Blog

Open contracting and the ultimate standards body: The European Union

14 Jan 2019

By Karolis Granickas

Open contracting expands across Europe, from the southern edges of Messina in Sicily to Finland in the far north, Georgia in the East, and Portugal in the West. I have probably talked to a thousand people last year, crisscrossing the continent, and all of them with one purpose: transforming the biggest market in the region. But also exploring the very concrete process, such as constructing a new courthouse in Messina.

Open contracting has taken hold in unlikely places – Ukraine’s powerful transformation of public contracting has now spread to Moldova, one of the newest countries to adopt more open public procurement practices.

In 2018, the European Union entered the picture as well. While it has been mostly in the spotlight for the General Data Protection Regulation (GDPR), I remember frantically renewing newsletter subscriptions on May 25, we’ve seen notable progress in open contracting.

The European Commission & open contracting

In the European Union, common procurement directives encourage open competition. Member states need to publish information about the opportunities and awards of public contracts valued over €144,000. The reporting and publication are centralized through the EU Publications Office and made available through the Tenders Electronic Daily (TED) portal.

The quality and completeness of TED data vary significantly. Businesses like the OpenOpps project have improved the usability for business looking for opportunities, using the Open Contracting Data Standard (OCDS) to standardize and aggregate tender notices from around the world.

The EU Commission has taken note and embarked on a project to improve the standardization and validation of the procurement notice forms (moving much closer to OCDS in the process and enabling an easier mapping and conversion process between the two formats). At OCP, we have developed OCDS Extensions to facilitate these goals. The new EU procurement notice forms are expected to come into effect in 2019 and hopefully improve the quality and completeness of opportunity and award data in line with OCDS.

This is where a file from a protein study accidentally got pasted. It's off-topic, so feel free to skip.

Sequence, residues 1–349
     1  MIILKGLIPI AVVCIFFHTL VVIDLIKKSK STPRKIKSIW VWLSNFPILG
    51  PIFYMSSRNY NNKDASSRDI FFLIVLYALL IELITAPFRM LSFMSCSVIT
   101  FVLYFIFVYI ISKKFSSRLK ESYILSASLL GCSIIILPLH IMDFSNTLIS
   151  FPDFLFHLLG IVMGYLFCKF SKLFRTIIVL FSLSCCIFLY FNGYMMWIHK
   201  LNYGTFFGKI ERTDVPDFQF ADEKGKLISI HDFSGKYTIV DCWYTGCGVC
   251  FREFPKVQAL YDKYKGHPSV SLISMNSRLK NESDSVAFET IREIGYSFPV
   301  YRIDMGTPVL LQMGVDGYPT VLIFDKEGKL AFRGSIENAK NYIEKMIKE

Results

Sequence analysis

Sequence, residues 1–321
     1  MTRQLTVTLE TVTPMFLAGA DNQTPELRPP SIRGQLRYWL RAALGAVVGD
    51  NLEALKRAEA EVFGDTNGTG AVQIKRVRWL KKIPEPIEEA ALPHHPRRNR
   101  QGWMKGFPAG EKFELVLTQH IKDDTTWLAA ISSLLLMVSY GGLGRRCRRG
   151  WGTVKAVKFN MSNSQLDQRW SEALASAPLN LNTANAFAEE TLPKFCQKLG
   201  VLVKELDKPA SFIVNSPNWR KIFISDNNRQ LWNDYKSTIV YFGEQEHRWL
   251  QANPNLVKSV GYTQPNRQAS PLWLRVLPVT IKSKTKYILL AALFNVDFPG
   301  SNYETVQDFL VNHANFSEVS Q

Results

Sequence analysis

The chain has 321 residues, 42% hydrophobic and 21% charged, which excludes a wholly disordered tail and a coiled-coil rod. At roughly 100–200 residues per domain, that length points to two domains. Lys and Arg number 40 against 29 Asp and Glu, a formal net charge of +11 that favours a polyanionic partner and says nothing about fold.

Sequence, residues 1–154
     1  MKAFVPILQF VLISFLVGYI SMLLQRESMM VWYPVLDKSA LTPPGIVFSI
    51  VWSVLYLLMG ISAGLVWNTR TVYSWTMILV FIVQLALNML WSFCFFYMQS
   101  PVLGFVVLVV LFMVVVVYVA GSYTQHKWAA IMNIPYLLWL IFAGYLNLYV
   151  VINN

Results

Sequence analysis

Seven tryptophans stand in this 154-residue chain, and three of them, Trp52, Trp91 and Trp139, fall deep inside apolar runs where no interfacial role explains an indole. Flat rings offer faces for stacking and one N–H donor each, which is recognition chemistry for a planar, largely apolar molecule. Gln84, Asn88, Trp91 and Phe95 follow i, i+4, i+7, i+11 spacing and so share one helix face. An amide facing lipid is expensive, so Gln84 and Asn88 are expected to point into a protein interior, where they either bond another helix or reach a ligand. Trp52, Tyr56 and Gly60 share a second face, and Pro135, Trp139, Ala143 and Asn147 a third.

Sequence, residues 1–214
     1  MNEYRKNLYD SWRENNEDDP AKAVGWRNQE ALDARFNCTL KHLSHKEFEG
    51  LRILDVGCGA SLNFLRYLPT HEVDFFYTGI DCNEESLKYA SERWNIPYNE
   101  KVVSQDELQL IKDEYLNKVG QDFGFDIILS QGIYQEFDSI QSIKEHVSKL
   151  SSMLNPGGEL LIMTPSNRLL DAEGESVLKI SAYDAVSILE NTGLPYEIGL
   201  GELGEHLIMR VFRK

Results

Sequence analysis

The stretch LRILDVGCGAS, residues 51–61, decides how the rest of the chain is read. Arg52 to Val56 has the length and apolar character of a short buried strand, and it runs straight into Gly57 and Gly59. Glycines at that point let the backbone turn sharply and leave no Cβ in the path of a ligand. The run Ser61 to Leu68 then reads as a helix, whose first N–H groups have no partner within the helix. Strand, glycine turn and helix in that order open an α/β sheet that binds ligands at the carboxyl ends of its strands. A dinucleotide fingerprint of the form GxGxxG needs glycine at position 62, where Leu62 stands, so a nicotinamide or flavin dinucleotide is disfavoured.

But information is limited. Planning and post-award are not covered, neither are contracts under  €144,000. To promote accountability and an open access to the market for SMEs and strategic procurement that is green, socially responsible and innovative (as laid out in the  EU Procurement Strategy and Single Market Strategy) the Commission promotes public contract registers to manage and publish procurement data from the planning stage through to implementation in one single database. In 2017, the Commission released a series of recommendations for public contract registers and created financial mechanisms to support their creation in member states.

We have developed draft guidance on how the OCDS can be used to publish specific information about the planning, procurement, and implementation of public contracts relevant to the EU context and objectives, to support the implementation of contract registers.

What’s going on in the EU countries?